Buy Side Challenged on Data

Terry Flanagan

The rapid growth of data presents management, storage and utilization challenges for institutional market participants, some of whom are more up-to-speed than others.

“The buy side has huge amounts of data but they’re not always making use of that data,” said Peter Chirlian, chief executive of Morris, New Jersey-based technology provider Armanta. “What good is ‘big data’ without big analytics?”

Regulators have pushed trading and investing firms to improve their data and risk management since the global financial crisis of 2008-2009, most notably via the sweeping Dodd-Frank Act that was signed into law in 2010.

“Demand for risk-management technology is being driven by regulatory pressure, but also internally,” Chirlian told Markets Media. “Financial companies want to get serious about risk management and thoroughly embed it in their businesses. It can’t be just a back- or middle-office function anymore.”

An investment firm may store data at a state-of-the-art data center, but there has to be the additional leg to make the data usable. “It’s not enough to have just a data ‘solution’, like a warehouse,” Chirlian said. “The financial organization needs to make use of that data and needs to assess risk.”

For an institution, upgrading data and risk management functions is a massive endeavor that can take months or years. Amid the recent lean market years and attendant do-more-with-less ethos, such projects can take more time than expected or even be back-burnered. As a result, market participants have fallen behind.

“Most everyone is not happy with where they are with risk technology,” said Chirlian, who previously held senior fixed-income positions at Prudential Global Asset Management and Goldman Sachs. “They need to move their risk operations from what was envisioned 10 to 15 years ago, to what is needed today.”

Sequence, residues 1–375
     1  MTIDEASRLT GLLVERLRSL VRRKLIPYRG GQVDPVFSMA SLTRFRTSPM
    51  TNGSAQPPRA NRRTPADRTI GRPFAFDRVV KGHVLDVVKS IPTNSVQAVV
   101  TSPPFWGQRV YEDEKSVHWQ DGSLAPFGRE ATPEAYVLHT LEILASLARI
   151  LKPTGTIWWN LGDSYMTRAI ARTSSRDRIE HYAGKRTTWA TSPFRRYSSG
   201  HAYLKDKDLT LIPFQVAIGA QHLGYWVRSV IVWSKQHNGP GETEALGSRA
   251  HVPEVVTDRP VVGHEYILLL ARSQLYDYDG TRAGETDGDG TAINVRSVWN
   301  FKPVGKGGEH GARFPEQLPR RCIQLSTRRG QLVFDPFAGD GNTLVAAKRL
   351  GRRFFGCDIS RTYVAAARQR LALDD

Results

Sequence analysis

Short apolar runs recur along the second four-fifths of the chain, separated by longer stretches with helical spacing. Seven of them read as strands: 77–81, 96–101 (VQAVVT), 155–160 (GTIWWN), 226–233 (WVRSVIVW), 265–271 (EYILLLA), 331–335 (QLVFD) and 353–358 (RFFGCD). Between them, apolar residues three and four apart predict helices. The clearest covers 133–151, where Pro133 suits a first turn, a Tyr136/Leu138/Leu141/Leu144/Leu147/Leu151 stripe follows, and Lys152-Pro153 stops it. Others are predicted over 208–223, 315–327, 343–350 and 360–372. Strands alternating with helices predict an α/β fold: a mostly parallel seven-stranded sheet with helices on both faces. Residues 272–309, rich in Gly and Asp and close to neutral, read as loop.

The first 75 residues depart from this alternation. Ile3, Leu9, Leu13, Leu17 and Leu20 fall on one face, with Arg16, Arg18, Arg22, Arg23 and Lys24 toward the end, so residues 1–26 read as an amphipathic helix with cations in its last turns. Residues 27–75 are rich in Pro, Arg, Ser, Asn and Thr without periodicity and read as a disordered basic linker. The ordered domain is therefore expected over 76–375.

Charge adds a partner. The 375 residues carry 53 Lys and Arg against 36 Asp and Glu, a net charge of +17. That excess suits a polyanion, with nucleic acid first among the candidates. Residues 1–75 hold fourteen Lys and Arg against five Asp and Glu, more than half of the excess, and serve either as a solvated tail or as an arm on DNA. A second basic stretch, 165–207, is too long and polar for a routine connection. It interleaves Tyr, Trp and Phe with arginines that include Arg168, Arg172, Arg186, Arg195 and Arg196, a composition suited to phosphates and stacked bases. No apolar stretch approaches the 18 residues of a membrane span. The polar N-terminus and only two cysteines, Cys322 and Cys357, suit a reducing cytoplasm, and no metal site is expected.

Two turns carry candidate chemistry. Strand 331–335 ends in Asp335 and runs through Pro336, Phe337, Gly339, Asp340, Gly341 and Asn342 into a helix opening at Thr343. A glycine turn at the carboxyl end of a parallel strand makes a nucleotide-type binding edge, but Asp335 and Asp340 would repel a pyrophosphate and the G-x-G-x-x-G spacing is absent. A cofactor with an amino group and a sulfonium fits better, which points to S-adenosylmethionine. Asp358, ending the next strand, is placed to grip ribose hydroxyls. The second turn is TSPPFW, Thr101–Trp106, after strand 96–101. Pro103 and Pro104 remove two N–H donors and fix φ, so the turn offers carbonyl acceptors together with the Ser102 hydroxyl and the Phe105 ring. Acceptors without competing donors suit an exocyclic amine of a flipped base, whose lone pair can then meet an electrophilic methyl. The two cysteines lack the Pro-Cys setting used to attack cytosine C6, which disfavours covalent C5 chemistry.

“The buy side is looking for a broader use of quantitative measures for portfolio analysis and portfolio construction, and for people to have this capability across the enterprise,” Chirlian continued. “Today, too much of the technology still relies on overnight batches and pre-aggregation.”

Deficiencies in data and risk management are typically firm-specific and vary widely, but there is at least one broad commonality. “On the whole the buy side doesn’t have the quantitative capability the sell side does, from a risk standpoint,” Chirlian said. “The buy side needs to get better at incorporating quantitative techniques in their risk processes.”

Up until five or six years ago, only large buy-side institutions were interested in comparatively sophisticated data and risk management products. Now, mid-sized institutions are increasingly in the demand mix, a down-market trend that will continue as “analytics needs will only get bigger,” Chirlian said.


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